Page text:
However, both the Carter decision and C-14 presume a petitioner competent to make a decision around end-of-life care, around abstaining from end of life care and/or around death.

    Thus with progressive dementia, a person might very well successfully petition for medical aid in dying on the basis of progressive dementia if the petition was made while that person was still competent to make it. However, if the decision is avoided long enough, the petitioner would be ineligible to seek medical aid in dying by virtue of becoming incompetent (legally) to make that decision.

    That said, the law will not put doctors or medical providers at risk of lawsuits or murder charges so long as it is followed. This is required by the nature of the Carter decision (can’t have access to medical aid in dying if all the providers are afraid of jail) and C-14 was (in part) a way to legislatively codify the details of the process that would immunize providers. Providing exact details of such a process is traditionally beyond the scope of the SCC’s power. The SCC defines the right, the Parliament establishes the statutory framework necessary for implementation of that right, and then the executive addresses (through regulation) any ambiguities in statute revealed later during actual use of the right.

    Because Carter came first and this was not first a legislative proposal, there is not merely a statutory pathway to providers’ immunity, but a constitutionally established need for providers’ immunity. Because of this, where a provider is arguably operating within the law but not certainly doing so, it is very likely that the provider in that case will be held not liable and then any problem in statutory clarity related to that case will be brought up before parliament (who would presumably pass amending legislation) so that in the future providers in somewhat similar situations will either be certainly within the law or certainly outside it.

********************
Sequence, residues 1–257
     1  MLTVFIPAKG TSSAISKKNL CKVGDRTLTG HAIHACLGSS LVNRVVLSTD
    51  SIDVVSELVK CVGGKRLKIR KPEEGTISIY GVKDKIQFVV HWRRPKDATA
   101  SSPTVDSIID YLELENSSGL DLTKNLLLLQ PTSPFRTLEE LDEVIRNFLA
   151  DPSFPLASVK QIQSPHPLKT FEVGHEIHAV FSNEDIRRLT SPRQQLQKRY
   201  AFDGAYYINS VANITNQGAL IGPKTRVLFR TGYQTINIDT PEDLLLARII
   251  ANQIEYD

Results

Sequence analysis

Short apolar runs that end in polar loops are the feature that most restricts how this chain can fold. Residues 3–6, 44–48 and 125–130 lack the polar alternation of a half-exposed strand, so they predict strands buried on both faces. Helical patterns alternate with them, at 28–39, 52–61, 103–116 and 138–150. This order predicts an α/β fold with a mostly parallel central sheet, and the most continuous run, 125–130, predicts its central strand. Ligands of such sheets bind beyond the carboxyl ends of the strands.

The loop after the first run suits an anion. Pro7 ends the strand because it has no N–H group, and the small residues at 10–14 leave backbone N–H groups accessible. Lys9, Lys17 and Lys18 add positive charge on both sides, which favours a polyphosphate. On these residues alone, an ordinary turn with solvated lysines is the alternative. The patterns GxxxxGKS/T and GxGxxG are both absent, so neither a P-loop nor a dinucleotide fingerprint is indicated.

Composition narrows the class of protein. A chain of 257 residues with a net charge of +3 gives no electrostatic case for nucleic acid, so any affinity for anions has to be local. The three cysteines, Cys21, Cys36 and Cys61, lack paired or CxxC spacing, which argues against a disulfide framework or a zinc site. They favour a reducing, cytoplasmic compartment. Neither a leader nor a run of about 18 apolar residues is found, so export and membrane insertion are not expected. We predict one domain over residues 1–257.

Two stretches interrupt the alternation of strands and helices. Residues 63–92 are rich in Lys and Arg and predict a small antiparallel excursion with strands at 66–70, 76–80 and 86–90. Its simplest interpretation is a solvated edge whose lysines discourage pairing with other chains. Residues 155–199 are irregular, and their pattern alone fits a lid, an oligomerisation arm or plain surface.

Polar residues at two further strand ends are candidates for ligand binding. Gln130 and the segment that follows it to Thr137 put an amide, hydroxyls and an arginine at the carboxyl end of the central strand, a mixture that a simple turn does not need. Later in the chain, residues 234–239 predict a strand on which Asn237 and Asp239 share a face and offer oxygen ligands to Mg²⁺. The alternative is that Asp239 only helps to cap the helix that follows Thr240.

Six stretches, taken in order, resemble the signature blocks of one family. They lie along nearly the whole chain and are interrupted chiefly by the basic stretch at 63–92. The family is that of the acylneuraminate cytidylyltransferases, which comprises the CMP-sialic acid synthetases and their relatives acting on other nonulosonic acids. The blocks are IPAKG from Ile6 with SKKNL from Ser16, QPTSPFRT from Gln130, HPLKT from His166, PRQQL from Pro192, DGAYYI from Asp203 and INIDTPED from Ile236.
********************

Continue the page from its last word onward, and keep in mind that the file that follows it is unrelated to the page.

3. Jessie Harban says

    As someone who is researching medically assisted suicide for a mental condition which is grievous and, as far as I can tell, irremediable, I support such a thing being legal. Alas, I live in neither Oregon nor Canada, so there are no laws to protect my decision. Worse, I find it very difficult to do research because of the very condition for which I am seeking medically assisted suicide in the first place, forcing me to rely on family and friends who in turn might be implicated for knowing in advance.

  4. Crip Dyke, Right Reverend Feminist FuckToy of Death & Her Handmaiden says

    All my empathy, Jessie.

  5. secondtofirstworld says

    Since this is the internet, I wish not to disclose from which condition I suffer from, but not to a point that I’d contemplate suicide, but I also don’t insinuate, that you did.

    The one thing you did not mention is, that besides the state of mind and quality of life, the option to have a humane death is also connected to the inability of treating pain and suffering as a consequence from both the illness and its treatment. A condition not equally present in mental illnesses. I know the times when I did not knew a way out (so I should correct myself to saying I’ve no suicidal thoughts now, but I did in my teens). I think the non-inclusion of these illnesses is because from an objective standpoint, the lack of general physical pain that can’t be treated is not present.

  6. nathanaelnerode says

    Well, I think suicide should be legal period as a *starting point*. The question of what suicides *doctors* should be allowed to assist with is a bit more difficult, because doctors have their own ethical standards, and I don’t really honestly know them.

    Why is it illegal anyway? I don’t know of a single successful prosecution against a dead person for committing suicide, so there’s something very odd about that law. I think it’s a leftover from a time before separation of church and state and it needs to be gotten rid of.

    If we consider the situation you mention where the case was rejected and the patient committed suicide anyway, I think it is critical that the family and friends at least know that they are safe from punishment for simply going along with the wishes of the patient, so that he *can* say his goodbyes without threat of his loved ones getting in trouble. You should never be at any legal risk simply because you know someone else is planning to kill themselves; that’s not cooperation or assistance, it’s simply acquiescence and it must be made legal.